OK - at the same time, play one note with your left thumb, and one with your right - and I'll show you how to make that sound great every time

Mark's Rule of Thumb

The kalimba is fundamentally a polyphonic instrument - meaning it plays multiple notes at the same time. It does have more limitations in its ability to play multiple notes than, say, piano or guitar. But those limitations on the kalimba also make it very easy to make some very pretty music  - for example, any two adjacent notes on one side will always harmonize. Three adjacent notes will always make some sort of triad, a sweet three-note chord.

But what about two notes on opposite sides of the kalimba? Will they sound good or bad when played simultaneously? It could go either way, but I have a very simple rule of thumb that will help you make sweet harmonies when playing notes or chords with both left and right thumbs.

23 June 2019

More Beautiful Quilted Kalimba Bags from Africa

Written by Mark Holdaway, Posted in News and Announcements

These are made by Louise Sloman-Fuller, now retired from AMI (African Musical Instruments) in South Africa

More Beautiful Quilted Kalimba Bags from Africa

There are now several options out there for kalimba bags and kalimba cases. If you are looking for something really special, check out these quilted bags from Louise Fuller-Sloman. They are charming. I own two of them myself, and I am guessing there are a few of them that you would love too.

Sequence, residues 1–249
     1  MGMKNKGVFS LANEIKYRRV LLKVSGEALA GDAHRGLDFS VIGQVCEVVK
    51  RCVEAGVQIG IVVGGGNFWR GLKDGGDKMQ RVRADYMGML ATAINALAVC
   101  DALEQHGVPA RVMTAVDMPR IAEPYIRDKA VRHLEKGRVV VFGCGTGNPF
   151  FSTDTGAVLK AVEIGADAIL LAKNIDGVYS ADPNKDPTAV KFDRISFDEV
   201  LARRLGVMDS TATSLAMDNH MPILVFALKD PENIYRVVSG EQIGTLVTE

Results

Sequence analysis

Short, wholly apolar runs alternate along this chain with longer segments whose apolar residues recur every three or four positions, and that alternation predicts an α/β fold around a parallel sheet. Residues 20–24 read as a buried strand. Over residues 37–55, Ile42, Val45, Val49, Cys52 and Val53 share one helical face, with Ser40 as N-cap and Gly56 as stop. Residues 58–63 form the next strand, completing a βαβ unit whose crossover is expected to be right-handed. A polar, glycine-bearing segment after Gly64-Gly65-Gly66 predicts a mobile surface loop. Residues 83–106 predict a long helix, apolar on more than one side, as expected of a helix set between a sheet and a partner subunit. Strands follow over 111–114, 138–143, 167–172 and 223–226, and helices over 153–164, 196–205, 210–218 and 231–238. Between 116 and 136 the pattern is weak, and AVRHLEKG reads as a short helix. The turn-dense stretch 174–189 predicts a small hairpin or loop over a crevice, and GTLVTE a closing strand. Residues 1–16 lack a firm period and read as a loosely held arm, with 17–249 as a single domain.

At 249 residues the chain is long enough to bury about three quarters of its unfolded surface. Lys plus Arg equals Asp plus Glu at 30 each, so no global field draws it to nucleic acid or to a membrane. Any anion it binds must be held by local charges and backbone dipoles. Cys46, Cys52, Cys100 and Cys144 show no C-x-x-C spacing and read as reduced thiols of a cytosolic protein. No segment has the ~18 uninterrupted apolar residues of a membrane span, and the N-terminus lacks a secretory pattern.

We have several new bag designs as of June 2019.

21 June 2019

Kalimba Americana for 17-Note Kalimba in C

Written by Mark Holdaway, Posted in News and Announcements

This eBook has Songs From the Soul of America... arranged for your kalimba

Kalimba Americana for 17-Note Kalimba in C

For all the good and bad things you can say about my country America right now, one thing that most people can agree on is that America is a great leader in musical innovation. This has been going on for centuries, and a lot of it has to do with the huge ethnic melting pot that the land of the free has always been.

Know that this great country's great music has always brought people together, across this land and across the world. I invite you to jump into the pot yourself, and learn some of these classics on your 17-Note Kalimba in C.

26 June 2019

A New High-End Electric Nyunga Nyunga

Written by Mark Holdaway, Posted in News and Announcements

The Dave Bellinger 15-Note Electric Karimba in F

A New High-End Electric Nyunga Nyunga

Dave Bellinger has long been known for his solid, meticulously crafted and innovative eKalimba designs (an eKalimba is a kalimba with an electric pickup). This one combines a hot pickup (that is, with a very strong output signal), "graphical buzzalizers," and generally smooth design and construction - with the 15 traditional notes of the mbira nyunga nyunga, also known as the karimba in F.